Carmel tour operators yearn for customers

While touring area, Tourism Minister Meseznikov pledges to assist region recover from damages, losses cause by fire.

Meseznikov in Carmel 311 (photo credit: RON FRIEDMAN)
Meseznikov in Carmel 311
(photo credit: RON FRIEDMAN)
Tourism Minister Stas Meseznikov announced on Tuesday that he planned to declare the Carmel region a disaster-stricken area as a temporary order of the Tourism Ministry. Meseznikov made the announcement while on a tour of the tourism facilities affected by last week’s forest fire.
Meseznikov pledged that his ministry would do its best to assist the tourism industry in the fire-stricken region overcome the damages and losses caused by the fire and presented a series of rehabilitative steps his ministry would promote.
The tour started out in Tirat Carmel, a mixed Jewish-Arab city located south of Haifa. Meseznikov met there with the mayor and promised his support to rehabilitate the city’s tourism infrastructure.
In the artists’ village of Ein Hod, Meseznikov met with Hof Hacarmel regional council head Carmel Sela and Ein Hod secretary-general Tzion Gez and surveyed the damage caused to residents’ houses and the rubble of the Nisco Museum of Mechanical Music, which was severely damaged in the fire.
“Ein Hod suffered the largest amount of damage to tourism facilities among all the villages in the area. Right now we are working on ways to fix the damage and bring back the tourists,” said Sela.
“We also want to make the best of the crisis and use it to upgrade our tourism infrastructure and increase tourist awareness of our facilities.”
“Our goal is to go back to the situation where I receive complaints about lack of parking and overcrowding in the galleries,” said Gez.
Carmelim Regional Tourism Board director Dafna Nof said the region needed the Tourism Ministry’s help in marketing and promoting music festivals held in Ein Hod, which she said could bring both local and international tourists in large numbers.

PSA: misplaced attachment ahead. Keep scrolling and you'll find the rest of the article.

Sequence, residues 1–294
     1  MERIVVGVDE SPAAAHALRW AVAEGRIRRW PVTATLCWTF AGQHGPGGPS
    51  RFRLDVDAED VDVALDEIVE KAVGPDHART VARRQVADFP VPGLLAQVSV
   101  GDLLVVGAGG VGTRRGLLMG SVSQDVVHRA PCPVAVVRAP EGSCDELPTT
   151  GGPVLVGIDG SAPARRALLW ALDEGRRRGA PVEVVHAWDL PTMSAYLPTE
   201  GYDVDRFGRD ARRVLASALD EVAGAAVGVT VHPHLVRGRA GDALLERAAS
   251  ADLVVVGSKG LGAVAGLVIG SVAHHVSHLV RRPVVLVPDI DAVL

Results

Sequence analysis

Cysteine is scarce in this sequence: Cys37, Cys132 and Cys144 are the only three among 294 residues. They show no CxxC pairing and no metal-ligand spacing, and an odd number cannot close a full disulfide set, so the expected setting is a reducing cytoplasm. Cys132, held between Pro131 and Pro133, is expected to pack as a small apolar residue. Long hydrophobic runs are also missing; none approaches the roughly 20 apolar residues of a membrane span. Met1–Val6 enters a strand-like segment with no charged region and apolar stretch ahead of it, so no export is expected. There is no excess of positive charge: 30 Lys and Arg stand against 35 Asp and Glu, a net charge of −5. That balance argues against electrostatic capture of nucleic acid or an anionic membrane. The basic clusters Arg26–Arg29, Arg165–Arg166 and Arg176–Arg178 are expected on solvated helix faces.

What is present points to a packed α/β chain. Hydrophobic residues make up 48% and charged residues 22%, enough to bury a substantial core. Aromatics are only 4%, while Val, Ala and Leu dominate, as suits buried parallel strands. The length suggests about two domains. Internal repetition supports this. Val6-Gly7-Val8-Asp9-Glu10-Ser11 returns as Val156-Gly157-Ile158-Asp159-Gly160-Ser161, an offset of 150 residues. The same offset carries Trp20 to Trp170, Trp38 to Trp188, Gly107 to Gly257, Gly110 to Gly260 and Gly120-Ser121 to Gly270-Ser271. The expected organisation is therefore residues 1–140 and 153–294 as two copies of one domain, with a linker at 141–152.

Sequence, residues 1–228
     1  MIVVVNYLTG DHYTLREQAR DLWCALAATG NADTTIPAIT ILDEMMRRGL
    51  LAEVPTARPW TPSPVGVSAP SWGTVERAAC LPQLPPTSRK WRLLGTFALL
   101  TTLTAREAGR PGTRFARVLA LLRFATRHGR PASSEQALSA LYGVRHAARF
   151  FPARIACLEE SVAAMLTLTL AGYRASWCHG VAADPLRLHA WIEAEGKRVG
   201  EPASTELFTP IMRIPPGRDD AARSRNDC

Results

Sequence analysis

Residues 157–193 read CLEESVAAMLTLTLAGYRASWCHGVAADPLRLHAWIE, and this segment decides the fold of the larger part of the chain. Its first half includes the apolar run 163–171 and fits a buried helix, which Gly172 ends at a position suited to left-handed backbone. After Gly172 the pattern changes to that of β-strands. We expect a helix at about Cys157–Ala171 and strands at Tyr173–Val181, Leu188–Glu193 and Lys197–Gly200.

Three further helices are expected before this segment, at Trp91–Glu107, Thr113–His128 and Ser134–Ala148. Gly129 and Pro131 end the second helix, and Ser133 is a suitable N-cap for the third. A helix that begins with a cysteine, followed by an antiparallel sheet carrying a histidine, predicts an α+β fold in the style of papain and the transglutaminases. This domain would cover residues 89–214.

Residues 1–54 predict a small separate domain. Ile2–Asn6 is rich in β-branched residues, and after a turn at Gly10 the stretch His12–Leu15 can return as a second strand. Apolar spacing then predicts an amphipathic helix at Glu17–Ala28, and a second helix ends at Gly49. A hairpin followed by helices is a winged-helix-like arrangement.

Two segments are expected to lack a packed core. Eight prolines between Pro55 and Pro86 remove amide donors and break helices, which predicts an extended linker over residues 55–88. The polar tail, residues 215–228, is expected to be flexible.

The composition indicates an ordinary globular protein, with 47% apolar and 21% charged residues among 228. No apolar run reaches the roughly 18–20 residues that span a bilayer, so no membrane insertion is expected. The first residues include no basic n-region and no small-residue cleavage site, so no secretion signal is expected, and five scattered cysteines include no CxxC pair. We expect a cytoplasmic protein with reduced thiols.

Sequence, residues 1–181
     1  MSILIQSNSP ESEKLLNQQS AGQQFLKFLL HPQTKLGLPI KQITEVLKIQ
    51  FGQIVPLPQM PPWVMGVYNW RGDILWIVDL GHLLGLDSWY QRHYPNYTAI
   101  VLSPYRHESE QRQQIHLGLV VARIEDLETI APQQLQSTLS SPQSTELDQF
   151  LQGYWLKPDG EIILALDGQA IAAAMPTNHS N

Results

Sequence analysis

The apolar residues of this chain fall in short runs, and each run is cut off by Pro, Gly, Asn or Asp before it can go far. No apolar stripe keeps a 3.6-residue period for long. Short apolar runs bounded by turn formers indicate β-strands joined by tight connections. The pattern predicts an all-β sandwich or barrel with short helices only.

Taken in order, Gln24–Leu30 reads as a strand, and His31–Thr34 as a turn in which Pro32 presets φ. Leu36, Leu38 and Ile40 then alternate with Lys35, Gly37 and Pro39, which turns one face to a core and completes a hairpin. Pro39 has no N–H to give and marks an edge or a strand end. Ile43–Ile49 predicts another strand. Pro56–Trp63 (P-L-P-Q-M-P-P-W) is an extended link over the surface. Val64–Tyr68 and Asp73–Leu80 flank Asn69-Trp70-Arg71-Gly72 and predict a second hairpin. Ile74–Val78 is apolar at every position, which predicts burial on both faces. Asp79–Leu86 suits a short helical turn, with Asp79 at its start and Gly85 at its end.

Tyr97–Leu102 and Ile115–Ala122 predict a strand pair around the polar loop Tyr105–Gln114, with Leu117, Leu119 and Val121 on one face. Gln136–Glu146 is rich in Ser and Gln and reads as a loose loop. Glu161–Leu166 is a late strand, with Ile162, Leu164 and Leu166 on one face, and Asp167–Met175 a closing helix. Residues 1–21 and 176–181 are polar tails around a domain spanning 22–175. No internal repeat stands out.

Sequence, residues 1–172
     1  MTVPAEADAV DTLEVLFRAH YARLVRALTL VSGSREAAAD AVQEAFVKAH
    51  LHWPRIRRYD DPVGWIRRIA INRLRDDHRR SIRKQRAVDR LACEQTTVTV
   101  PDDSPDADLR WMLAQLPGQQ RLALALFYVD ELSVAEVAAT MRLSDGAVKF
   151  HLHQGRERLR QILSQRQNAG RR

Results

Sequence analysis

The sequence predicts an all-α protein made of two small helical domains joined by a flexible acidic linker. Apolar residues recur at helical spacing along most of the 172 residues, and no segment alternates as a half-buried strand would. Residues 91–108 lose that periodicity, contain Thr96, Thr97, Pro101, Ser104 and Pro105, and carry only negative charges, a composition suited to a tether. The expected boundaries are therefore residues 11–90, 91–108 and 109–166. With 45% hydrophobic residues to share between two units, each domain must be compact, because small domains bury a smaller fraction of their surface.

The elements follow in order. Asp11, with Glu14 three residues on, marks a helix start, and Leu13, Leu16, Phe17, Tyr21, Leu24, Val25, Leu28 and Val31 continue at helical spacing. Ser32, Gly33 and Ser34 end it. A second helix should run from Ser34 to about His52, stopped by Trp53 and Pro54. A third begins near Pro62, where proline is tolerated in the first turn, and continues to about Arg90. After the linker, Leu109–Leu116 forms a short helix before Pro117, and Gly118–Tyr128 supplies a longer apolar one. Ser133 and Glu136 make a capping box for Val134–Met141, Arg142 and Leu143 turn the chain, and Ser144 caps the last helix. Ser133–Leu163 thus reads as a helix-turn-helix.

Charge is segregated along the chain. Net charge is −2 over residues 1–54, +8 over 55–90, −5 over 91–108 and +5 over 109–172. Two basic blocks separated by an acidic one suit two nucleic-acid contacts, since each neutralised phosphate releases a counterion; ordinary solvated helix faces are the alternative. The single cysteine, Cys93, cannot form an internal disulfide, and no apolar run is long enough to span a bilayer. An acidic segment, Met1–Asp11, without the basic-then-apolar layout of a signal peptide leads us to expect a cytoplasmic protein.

Meseznikov said that the ministry would help in marketing the village and its attractions and recommended that they seek ministry subsidies through the Tourism Ministry channels.
“You have our ears now, and we will do as much as we can to place you back on the map. We plan to designate Ein Hod and the other villages in the area as national priority areas, starting from the 2010-2011 budget. That should grant you access to additional funds and benefits,” said Meseznikov.
Sela said that a major challenge regional tourism faced was the public’s perception that the entire region was destroyed in the fire.
“The media did such a good job of reporting on the fire and raised the tragedy to such heights, that now everybody thinks we’re closed for business. We have to get the message out that despite the fire, we are open and yearning for tourists to arrive.”
Sela added that an order issued by the Agriculture Ministry stating that the Carmel National Park was closed off for visitors misled the public into thinking that the whole region was a no-go zone, stopping potential visitors from arriving.
Meseznikov visited the Nir Etzion hotel, where he saw for himself that it was undamaged and open for business.
In a discussion with Hotel Manager Yoel Raz, Meseznikov said that, despite his protests, the cabinet failed to authorize compensation for indirect damages like lost incomes caused by reservation cancellations. However, he said that his ministry could help regain some of the losses by proposing to the government that it hold all its future conferences and conventions in the region’s hotels.
Visiting the luxury hotel and spa resort Ye’arot Hacarmel, which incredibly escaped any serious damage by the fire, despite it reaching its very doorstep, Meseznikov said that he was sure that the tourists would return once the hotel reopened its doors in late January.
According to Isrotel regional accountant Gidi Gan Mor, the hotel, which suffered minor damage to its dining room, was insured both for direct and indirect damages and the staff was working day and night in order to have it up to standard on the day it reopens.
In Kibbutz Beit Oren, which bore the brunt of the physical damage to residences and where 40 families where forced out of their homes, Meseznikov surveyed the ruined neighborhood and met with the manager of the Kibbutz’s guesthouse.
While the guesthouse itself wasn’t damaged in the fire, the rooms have all been taken up by kibbutz members who lost their homes, explained Eyal Polak, the guesthouse manager.
“As you can hear, since the fire the phones have been silent. We have had no new reservations. As far as the world is concerned, the whole of Beit Oren and us with it went up in smoke. What we need is for people to hear and realize that we’re still here,” said Polak.

Following Beit Oren Meseznikov continued to visit the Druse villages of Daliat al-Carmel and Usfiya.
He summed up his visit to the north expressing optimism that, as far as tourism was concerned, the region could go back to normal in the near future.
Meseznikov also said that the government as a whole had learned from the lessons of the Second Lebanon War and was much quicker and more efficient in handing out compensation funds and providing fast solutions to citizens’ plights.